The DPRK-U.S. Agreed Framework concluded in October 1994 was thus nullified due to the U.S. unilateral refusal to fulfil its commitments.
The DPRK has abided by the principle that the measures for settling the nuclear issue between the DPRK and the U.S. should be implemented by simultaneous actions.
These actions provide a realistic way of realizing the denuclearization of the Korean peninsula.
Any opposition to the simultaneous actions would mean opposing the denuclearization of the Korean peninsula and, furthermore, can not be construed otherwise than a revelation of an intention to disarm the DPRK and swallow it up. "Early inspection" can never be accepted in any case, he said, setting out our proposal for a package solution to the nuclear issue and the order of simultaneous actions.
He further said:
For a package solution, the U.S. should conclude a non-aggression treaty with the DPRK, establish diplomatic relations with it and guarantee the economic cooperation between the DPRK and Japan and between the north and the south of Korea. And it should also compensate for the loss of electricity caused by the delayed provision of light water reactors and complete their construction.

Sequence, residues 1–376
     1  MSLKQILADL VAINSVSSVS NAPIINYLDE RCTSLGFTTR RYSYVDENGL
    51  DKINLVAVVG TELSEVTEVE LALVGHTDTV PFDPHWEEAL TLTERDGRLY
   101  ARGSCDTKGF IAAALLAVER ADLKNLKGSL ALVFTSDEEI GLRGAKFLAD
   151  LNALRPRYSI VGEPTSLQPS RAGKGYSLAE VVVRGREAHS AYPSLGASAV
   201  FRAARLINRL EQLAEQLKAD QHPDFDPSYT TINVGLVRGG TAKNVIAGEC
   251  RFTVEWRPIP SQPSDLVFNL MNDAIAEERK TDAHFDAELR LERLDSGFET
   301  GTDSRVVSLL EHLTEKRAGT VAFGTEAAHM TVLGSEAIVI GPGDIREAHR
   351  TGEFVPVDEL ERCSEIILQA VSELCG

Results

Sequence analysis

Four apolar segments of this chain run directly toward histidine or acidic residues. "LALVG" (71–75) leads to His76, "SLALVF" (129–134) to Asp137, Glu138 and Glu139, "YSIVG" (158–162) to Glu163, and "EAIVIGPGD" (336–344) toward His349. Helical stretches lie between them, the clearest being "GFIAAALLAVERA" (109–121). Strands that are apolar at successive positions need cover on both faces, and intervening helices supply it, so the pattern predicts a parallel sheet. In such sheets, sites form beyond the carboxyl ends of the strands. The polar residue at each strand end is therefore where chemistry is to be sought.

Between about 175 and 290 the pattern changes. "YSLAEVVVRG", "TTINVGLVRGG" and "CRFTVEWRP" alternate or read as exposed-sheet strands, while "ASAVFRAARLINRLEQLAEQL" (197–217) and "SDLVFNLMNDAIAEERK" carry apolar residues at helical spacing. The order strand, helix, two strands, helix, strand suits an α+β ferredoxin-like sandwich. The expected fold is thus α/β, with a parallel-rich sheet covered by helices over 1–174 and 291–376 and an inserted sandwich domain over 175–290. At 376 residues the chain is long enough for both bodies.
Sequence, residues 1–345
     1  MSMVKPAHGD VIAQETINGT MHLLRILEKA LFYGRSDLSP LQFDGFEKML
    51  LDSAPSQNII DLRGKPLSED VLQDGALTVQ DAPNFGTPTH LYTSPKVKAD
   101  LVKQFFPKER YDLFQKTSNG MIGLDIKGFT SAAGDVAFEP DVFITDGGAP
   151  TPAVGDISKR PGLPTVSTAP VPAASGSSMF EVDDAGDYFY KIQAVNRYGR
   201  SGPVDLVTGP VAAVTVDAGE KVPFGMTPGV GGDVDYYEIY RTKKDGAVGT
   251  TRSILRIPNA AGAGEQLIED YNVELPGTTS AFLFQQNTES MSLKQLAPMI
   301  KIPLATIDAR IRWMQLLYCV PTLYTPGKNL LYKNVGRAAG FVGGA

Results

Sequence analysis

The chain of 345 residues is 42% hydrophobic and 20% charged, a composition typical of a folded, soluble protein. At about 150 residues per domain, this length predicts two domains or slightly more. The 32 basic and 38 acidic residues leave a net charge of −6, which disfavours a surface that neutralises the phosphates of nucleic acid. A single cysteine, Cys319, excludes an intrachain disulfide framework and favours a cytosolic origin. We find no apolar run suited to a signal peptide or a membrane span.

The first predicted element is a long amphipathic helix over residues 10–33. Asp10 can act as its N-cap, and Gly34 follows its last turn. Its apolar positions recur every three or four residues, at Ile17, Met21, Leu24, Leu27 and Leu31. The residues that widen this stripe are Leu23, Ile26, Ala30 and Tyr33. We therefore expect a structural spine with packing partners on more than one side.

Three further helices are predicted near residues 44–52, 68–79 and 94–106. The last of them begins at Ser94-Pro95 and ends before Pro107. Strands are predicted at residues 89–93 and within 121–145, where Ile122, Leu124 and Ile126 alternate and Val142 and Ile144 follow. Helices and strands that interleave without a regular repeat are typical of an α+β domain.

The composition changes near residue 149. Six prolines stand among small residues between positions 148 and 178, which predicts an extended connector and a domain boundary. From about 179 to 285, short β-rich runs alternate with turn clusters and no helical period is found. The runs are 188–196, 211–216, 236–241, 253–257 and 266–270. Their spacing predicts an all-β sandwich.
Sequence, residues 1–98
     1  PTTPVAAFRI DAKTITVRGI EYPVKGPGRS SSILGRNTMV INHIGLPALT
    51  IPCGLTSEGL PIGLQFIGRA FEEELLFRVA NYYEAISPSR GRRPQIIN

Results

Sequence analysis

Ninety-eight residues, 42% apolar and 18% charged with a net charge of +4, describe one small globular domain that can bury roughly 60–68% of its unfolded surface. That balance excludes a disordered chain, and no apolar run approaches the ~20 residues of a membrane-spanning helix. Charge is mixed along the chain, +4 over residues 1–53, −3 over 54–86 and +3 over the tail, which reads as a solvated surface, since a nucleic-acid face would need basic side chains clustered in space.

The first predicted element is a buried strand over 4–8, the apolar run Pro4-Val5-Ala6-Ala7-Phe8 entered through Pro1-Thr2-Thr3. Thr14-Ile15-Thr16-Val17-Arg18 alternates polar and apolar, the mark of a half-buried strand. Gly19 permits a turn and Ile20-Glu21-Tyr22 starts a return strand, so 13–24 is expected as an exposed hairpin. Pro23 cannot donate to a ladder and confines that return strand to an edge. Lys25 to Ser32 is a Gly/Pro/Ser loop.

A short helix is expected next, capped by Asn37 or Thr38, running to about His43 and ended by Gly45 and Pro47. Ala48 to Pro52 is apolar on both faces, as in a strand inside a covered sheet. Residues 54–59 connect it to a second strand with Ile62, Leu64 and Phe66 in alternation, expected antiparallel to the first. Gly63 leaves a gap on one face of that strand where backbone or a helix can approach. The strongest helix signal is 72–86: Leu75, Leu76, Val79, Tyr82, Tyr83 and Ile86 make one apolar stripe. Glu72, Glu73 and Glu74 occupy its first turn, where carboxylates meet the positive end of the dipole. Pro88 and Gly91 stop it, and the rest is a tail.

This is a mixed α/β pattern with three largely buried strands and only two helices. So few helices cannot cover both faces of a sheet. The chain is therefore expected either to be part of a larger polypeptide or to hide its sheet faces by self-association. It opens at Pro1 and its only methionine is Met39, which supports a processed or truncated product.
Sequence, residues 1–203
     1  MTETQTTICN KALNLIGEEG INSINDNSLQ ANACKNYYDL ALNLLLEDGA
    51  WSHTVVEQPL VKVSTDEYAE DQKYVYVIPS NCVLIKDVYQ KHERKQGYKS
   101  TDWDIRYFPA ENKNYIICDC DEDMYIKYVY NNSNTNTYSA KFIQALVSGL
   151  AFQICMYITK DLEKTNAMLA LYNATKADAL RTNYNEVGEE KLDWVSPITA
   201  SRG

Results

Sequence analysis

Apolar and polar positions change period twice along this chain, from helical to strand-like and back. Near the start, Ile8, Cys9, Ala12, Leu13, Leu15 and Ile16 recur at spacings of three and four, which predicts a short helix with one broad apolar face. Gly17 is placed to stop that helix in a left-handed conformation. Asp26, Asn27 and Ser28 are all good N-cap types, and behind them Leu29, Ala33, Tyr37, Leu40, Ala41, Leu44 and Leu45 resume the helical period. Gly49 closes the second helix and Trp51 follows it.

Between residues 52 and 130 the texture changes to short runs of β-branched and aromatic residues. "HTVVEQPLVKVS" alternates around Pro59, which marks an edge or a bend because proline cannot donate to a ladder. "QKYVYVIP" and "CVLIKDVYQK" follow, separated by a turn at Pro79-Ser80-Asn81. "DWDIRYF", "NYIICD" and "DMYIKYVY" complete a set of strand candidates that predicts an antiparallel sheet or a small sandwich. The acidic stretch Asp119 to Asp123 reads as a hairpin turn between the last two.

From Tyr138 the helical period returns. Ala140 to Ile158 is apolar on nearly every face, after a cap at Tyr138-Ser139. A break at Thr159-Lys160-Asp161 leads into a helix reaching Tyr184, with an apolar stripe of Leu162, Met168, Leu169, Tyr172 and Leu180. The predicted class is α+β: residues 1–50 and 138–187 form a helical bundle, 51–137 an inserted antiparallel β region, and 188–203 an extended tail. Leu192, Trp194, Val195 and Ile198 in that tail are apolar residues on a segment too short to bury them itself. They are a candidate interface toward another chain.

For this, the DPRK should not make nuclear weapons and allow the nuclear inspection, finally dismantle its nuclear facility, put on ice the missile testfire and stop its export.
According to the order of simultaneous actions, the U.S. should resume the supply of heavy fuel oil, sharply increase the humanitarian food aid while the DPRK should declare its will to scrap its nuclear program.
According to this order, we will allow the refreeze of our nuclear facility and nuclear substance and monitoring and inspection of them from the time the U.S. has concluded a non-aggression treaty with the DPRK and compensated for the loss of electricity.
We will settle the missile issue when diplomatic relations are opened between the DPRK and the U.S. and between the DPRK and Japan.
And we will dismantle our nuclear facility from the time the LWRs are completed.